This is just repeating what Trump himself told Fox News’ Greta Van Susteren. He claimed 25,000 people were trying to get into an arena that holds 7,000 (police said it was 3/4 full). Trump told Van Sustern, “I didn’t want to see people get hurt (so) I decided to postpone the rally…

“What we did was intelligent,” Trump said with a pat on his own back. “A very good decision…a wise decision.”

Yet, according to Trump, “Our First Amendment rights have been violated.”

The consequence of this Trump-as-victim narrative is that the protesters are denied their own First Amendment rights. As John McCormack of The Weekly Standard said when he appeared on On The Record with Greta Van Susteren last night,

“[I]t’s a total disgrace to the principles of the First Amendment to try and shut down somebody else’s free speech, which some of these protesters have been celebrating.”

According to the First Amendment, Trump has a right to have his say, but others have a right to disagree and to publicly express that disagreement. To deny them that right is a total disgrace.

When he met with Sean Hannity, Trump continued to push his victim narrative, elaborating on the imagined abridgment of his rights – hilariously given how many rights he wants to deprive other people of – saying,

“I have the right to speak and they (his supporters) have a right to listen.”

God’s messiah on earth, Ted Cruz, the man chosen by God if not the voters to be our next president, actually correctly identified the problem in this case: Trump.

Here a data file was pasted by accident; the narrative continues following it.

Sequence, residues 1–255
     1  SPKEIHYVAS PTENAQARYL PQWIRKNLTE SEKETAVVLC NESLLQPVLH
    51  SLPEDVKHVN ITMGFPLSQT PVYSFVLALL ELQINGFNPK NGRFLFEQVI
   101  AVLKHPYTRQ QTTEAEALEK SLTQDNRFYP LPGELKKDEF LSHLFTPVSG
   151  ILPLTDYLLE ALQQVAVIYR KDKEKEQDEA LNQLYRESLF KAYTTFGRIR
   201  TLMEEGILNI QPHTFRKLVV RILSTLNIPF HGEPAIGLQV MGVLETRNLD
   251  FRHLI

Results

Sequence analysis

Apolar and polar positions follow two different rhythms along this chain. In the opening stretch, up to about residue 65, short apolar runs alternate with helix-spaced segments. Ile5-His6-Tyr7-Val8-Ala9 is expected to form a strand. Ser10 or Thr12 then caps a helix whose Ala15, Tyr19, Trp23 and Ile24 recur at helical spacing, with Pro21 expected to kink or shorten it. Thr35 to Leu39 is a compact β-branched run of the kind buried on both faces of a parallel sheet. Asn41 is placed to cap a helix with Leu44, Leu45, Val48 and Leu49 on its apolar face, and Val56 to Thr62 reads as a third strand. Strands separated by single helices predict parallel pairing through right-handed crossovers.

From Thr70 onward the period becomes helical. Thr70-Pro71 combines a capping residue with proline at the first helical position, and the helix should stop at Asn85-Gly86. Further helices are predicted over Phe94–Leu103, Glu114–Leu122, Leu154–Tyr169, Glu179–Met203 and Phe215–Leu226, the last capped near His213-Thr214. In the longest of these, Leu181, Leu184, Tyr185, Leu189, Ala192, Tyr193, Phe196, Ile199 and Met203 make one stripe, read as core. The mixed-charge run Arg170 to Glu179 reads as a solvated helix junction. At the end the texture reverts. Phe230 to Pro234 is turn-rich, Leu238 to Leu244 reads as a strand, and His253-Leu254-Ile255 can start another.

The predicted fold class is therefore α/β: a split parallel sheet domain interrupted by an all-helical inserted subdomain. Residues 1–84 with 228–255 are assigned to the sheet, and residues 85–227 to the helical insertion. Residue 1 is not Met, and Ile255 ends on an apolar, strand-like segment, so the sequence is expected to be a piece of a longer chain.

Cruz said Friday night that Trump has created “an environment that encourages this sort of nasty discourse.”

“When the candidate urges supporters to engage in physical violence, to punch people in the face, the predictable consequence of that is that is escalates. Today is unlikely to be the last such incidence.”

Marco Rubio said, also making a valid point,

“I would point out there isn’t violence at my events, there isn’t violence at Ted’s events, there isn’t violence at a Kasich event, there isn’t violence at a Sanders event, there isn’t violence at a Clinton event. There’s only one presidential candidate who has violence at their events.”

Yet Trump, ignoring those facts, preferred to play the victim card, complaining on MSNBC that,

“You can’t even have a rally in a major city in this country, without violence or potential violence. What happened to freedom of speech? It’s sad to see this. It’s a lot sad to see this.”

This from the man who regularly deprives protesters of their rights to gather with First Amendment protection, defending those who commit violence in his name by saying they’re “angry.” Well, the protesters were angry too, at being called rapists and other slurs by Donald Trump.

As Cruz said, this was inevitable. And is unlikely to be an isolated event as the Trump campaign of “thugocracy” takes America on a colorful tour of the gutter of conservative politics.